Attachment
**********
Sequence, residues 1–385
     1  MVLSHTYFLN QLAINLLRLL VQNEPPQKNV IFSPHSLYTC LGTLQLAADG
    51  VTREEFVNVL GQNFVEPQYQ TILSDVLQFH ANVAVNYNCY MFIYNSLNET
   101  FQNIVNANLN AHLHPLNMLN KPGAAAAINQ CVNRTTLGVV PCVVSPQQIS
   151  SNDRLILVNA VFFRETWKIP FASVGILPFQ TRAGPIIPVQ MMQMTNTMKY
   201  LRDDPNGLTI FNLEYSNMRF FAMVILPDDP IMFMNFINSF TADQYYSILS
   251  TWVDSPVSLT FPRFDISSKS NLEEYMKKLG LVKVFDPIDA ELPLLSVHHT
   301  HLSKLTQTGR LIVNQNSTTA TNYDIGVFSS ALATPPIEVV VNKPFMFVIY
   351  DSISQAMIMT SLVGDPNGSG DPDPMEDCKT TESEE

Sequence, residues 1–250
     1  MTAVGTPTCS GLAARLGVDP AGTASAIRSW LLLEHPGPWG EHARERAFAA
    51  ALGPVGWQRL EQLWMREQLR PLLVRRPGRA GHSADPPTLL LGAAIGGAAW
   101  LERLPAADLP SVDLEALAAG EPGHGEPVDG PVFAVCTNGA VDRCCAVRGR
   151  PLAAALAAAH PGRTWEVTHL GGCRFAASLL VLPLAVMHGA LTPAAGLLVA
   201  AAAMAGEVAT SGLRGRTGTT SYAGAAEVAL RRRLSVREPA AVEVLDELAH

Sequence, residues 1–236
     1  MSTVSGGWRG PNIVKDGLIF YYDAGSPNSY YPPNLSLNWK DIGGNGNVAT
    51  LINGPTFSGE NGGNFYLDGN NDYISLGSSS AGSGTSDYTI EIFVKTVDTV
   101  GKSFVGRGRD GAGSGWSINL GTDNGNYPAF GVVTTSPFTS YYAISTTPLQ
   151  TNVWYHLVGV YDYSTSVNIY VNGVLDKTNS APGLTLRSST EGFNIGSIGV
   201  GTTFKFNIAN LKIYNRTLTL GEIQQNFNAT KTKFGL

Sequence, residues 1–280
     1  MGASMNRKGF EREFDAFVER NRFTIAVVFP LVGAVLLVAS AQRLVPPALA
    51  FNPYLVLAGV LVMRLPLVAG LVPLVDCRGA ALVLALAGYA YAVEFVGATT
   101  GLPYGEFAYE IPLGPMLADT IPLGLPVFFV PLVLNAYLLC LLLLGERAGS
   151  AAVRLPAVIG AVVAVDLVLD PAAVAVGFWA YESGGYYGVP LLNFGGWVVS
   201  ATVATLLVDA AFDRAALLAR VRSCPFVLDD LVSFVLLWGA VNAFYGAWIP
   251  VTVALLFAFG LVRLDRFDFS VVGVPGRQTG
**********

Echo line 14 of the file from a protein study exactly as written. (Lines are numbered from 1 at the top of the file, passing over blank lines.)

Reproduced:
   151  PLAAALAAAH PGRTWEVTHL GGCRFAASLL VLPLAVMHGA LTPAAGLLVA